A friend was astonished the other day when I was explaining to him that on the Mindfulness Workshops I facilitate each month that I ask participants to refrain from conversation with each other and if possible to avoid meeting the eyes of another participant.
I got the impression that he felt this was a big ask especially after learning that most of the people who rock up to my day workshops have never attended a retreat before. Afterwards I discover that for the majority the silence has been a powerful experience forming a foundation for their sustained investigation of self. Most say that they began by feeling apprehensive and even a bit resentful or anxious about the silence requirements framing it as a bit unfriendly or unsociable to other people or to the partner or friend they had brought along with them for the day. As the silence deepened they experienced it as a release and as profoundly restful as well as giving new energy.
Why is this I wonder? I sense that when a group of people come together and talk that put invest energy into creating a profile or 'face' for the other person or other people in the conversation. What is it that we desire to convey to the other about our self and our interests. We prove ourselves in conversation or by keeping silence we become absent from the gathering or perceived as being shy, inept or rude. Keeping a collective silence opens up a new way of relating, at least in potential. Individuals are free to be with themselves, investigating and observing their breathing, or body scanning or whatever the exercise of mindfulness meditation is at that point, but must also be attentive to others especially at meal times when food is prepared, shared and bowls washed up and put away without speech.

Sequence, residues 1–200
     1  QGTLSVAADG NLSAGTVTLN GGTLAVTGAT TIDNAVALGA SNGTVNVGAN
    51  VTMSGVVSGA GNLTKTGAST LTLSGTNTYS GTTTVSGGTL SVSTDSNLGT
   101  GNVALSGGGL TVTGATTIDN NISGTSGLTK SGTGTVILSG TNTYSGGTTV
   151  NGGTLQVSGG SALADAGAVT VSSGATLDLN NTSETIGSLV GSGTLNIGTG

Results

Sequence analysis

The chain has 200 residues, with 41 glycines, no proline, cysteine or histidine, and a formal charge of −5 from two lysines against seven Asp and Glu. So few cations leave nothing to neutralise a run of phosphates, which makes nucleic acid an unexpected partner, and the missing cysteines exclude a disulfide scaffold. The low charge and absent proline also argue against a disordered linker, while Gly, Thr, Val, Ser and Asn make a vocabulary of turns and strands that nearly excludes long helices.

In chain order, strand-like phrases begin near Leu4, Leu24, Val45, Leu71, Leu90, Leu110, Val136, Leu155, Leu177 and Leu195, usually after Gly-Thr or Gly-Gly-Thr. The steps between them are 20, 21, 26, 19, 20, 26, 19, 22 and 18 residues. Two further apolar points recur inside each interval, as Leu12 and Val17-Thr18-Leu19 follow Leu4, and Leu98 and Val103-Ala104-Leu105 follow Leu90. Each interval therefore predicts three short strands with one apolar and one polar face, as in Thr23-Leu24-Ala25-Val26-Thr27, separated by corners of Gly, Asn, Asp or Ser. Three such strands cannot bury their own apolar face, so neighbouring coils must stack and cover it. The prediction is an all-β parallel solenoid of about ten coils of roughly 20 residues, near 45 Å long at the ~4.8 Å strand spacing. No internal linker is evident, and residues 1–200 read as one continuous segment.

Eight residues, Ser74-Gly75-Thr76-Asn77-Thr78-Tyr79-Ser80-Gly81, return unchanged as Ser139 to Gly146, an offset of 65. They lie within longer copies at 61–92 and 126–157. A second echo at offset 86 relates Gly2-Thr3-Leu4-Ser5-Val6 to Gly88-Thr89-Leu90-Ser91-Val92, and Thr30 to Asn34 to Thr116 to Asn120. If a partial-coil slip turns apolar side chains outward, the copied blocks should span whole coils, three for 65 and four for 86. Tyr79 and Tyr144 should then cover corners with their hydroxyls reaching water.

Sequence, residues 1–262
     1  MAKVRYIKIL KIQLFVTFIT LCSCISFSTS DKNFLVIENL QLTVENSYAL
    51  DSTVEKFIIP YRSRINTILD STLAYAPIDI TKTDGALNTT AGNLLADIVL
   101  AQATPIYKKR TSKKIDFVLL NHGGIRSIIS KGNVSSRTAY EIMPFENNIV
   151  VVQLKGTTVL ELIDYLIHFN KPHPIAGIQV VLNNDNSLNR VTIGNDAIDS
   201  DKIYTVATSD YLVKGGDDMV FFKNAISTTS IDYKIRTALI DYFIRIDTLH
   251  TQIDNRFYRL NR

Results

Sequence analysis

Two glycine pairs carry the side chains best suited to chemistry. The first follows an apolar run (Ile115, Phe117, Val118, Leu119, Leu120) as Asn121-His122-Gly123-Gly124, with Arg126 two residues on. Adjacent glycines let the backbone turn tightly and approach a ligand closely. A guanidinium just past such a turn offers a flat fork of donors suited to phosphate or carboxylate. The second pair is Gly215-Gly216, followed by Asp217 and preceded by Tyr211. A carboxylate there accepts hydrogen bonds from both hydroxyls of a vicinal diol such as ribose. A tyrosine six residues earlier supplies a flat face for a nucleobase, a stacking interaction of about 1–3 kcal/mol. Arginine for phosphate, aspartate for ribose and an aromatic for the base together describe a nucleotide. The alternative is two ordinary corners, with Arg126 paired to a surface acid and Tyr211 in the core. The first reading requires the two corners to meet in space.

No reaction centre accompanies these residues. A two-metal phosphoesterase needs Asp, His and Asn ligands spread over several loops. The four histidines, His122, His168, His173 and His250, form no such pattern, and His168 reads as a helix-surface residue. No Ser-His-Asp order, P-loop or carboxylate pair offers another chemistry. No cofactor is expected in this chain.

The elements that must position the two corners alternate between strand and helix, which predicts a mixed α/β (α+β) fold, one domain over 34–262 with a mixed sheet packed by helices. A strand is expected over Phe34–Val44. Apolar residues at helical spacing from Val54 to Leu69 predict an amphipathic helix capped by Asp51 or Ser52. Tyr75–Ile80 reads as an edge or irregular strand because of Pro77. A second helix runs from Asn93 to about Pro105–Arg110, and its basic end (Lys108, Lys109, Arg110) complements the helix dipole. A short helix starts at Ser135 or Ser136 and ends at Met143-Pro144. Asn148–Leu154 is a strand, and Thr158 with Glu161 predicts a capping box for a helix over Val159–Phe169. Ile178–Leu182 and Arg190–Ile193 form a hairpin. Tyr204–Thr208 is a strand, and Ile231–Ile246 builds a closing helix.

Sometimes my reflection as the day progresses is along these lines. "Nicholas, when you were young you desired to be a monk and stayed in many monasteries moved by the powerful rituals, the simplicity and the silence of such places and imagined your life among books, sharing these rituals and being in community" The silent mindfulness days serve as a kind of secular monastic experience and although not religious they seem to take on a sacred quality and engender among those who come a sense of community. People are not conscious that the days have a monastic feel about them at all but released from the burden of speaking they seem to slow down, open up and behave in thoughtful compassionate and appreciative ways.